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Sprott Inc. (TSE:SII) Stock Goes Ex-Dividend In Just Four Days

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Sprott Inc. (TSE:SII) is about to trade ex-dividend in the next 4 days. Typically, the ex-dividend date is one business day before the record date which is the date on which a company determines the shareholders eligible to receive a dividend. The ex-dividend date is an important date to be aware of as any purchase of the stock made on or after this date might mean a late settlement that doesn't show on the record date. Meaning, you will need to purchase Sprott's shares before the 4th of March to receive the dividend, which will be paid on the 22nd of March.

The company's next dividend payment will be US$0.25 per share, and in the last 12 months, the company paid a total of US$1.00 per share. Last year's total dividend payments show that Sprott has a trailing yield of 2.6% on the current share price of CA$48.97. Dividends are an important source of income to many shareholders, but the health of the business is crucial to maintaining those dividends. As a result, readers should always check whether Sprott has been able to grow its dividends, or if the dividend might be cut.

Check out our latest analysis for Sprott

Dividends are usually paid out of company profits, so if a company pays out more than it earned then its dividend is usually at greater risk of being cut. It paid out 75% of its earnings as dividends last year, which is not unreasonable, but limits reinvestment in the business and leaves the dividend vulnerable to a business downturn. It could become a concern if earnings started to decline.

Companies that pay out less in dividends than they earn in profits generally have more sustainable dividends. The lower the payout ratio, the more wiggle room the business has before it could be forced to cut the dividend.

Click here to see how much of its profit Sprott paid out over the last 12 months.

historic-dividend
historic-dividend

Have Earnings And Dividends Been Growing?

Businesses with strong growth prospects usually make the best dividend payers, because it's easier to grow dividends when earnings per share are improving. Investors love dividends, so if earnings fall and the dividend is reduced, expect a stock to be sold off heavily at the same time. This is why it's a relief to see Sprott earnings per share are up 6.6% per annum over the last five years.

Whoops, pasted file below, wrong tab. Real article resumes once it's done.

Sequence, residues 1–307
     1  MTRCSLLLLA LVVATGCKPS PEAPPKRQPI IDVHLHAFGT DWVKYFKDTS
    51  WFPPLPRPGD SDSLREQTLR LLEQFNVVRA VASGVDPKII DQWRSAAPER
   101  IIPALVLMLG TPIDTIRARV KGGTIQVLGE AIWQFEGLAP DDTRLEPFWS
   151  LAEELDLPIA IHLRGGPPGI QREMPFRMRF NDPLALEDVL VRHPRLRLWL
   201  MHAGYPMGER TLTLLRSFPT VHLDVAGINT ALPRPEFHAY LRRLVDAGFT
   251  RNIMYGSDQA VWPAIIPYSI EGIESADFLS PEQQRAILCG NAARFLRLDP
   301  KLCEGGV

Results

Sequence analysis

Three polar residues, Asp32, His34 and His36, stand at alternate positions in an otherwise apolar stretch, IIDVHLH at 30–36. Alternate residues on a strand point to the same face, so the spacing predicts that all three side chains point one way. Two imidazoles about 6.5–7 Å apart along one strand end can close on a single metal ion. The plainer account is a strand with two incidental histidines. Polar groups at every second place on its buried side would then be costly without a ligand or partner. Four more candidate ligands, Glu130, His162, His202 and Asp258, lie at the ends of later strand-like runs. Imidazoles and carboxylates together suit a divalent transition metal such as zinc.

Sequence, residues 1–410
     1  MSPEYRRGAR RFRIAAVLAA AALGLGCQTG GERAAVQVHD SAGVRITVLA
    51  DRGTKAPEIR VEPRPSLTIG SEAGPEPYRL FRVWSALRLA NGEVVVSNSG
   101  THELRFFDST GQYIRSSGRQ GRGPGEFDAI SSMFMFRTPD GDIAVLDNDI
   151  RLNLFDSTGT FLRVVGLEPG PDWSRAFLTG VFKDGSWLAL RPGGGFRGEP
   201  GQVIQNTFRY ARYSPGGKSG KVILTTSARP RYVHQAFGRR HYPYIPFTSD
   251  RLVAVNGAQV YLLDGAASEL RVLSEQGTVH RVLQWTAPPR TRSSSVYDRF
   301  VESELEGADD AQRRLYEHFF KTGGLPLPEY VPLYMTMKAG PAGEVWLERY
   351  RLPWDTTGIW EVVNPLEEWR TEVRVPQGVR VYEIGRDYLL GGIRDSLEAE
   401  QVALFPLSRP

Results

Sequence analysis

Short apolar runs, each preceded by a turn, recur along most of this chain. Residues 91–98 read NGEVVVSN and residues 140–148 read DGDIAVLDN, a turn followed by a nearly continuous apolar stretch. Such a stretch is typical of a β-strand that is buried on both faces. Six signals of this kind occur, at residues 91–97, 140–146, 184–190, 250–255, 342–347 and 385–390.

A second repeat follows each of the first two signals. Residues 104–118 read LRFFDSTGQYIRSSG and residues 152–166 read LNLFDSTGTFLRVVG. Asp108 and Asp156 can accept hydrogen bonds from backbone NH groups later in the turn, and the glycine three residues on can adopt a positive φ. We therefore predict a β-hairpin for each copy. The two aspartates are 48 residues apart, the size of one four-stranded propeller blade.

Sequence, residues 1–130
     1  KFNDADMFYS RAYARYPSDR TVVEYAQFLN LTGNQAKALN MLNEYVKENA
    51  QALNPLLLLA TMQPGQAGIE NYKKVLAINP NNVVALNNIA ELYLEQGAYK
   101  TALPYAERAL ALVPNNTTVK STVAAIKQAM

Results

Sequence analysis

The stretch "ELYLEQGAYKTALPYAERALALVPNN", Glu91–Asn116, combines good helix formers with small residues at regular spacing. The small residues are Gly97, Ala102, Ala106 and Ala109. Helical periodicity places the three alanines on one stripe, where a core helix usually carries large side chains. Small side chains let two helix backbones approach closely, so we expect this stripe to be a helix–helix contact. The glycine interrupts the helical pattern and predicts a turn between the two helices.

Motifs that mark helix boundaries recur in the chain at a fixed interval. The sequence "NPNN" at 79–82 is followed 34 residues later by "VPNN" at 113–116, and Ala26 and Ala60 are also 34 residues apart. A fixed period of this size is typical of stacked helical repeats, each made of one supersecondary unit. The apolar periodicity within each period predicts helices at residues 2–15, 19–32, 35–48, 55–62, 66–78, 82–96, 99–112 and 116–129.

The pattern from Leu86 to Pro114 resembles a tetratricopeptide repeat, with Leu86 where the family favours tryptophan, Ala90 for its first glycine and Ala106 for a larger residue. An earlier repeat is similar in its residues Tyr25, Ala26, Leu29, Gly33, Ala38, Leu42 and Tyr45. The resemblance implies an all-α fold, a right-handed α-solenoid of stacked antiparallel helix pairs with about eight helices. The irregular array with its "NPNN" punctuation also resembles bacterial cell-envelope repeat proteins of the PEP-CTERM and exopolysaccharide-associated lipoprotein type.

The main way most investors will assess a company's dividend prospects is by checking the historical rate of dividend growth. Sprott has seen its dividend decline 19% per annum on average over the past 10 years, which is not great to see. It's unusual to see earnings per share increasing at the same time as dividends per share have been in decline. We'd hope it's because the company is reinvesting heavily in its business, but it could also suggest business is lumpy.

To Sum It Up

Is Sprott an attractive dividend stock, or better left on the shelf? Earnings per share have been growing at a reasonable rate, and the company is paying out a bit over half its earnings as dividends. It might be worth researching if the company is reinvesting in growth projects that could grow earnings and dividends in the future, but for now we're on the fence about its dividend prospects.

However if you're still interested in Sprott as a potential investment, you should definitely consider some of the risks involved with Sprott. In terms of investment risks, we've identified 2 warning signs with Sprott and understanding them should be part of your investment process.

A common investing mistake is buying the first interesting stock you see. Here you can find a full list of high-yield dividend stocks.

Have feedback on this article? Concerned about the content? Get in touch with us directly. Alternatively, email editorial-team (at) simplywallst.com.

This article by Simply Wall St is general in nature. We provide commentary based on historical data and analyst forecasts only using an unbiased methodology and our articles are not intended to be financial advice. It does not constitute a recommendation to buy or sell any stock, and does not take account of your objectives, or your financial situation. We aim to bring you long-term focused analysis driven by fundamental data. Note that our analysis may not factor in the latest price-sensitive company announcements or qualitative material. Simply Wall St has no position in any stocks mentioned.

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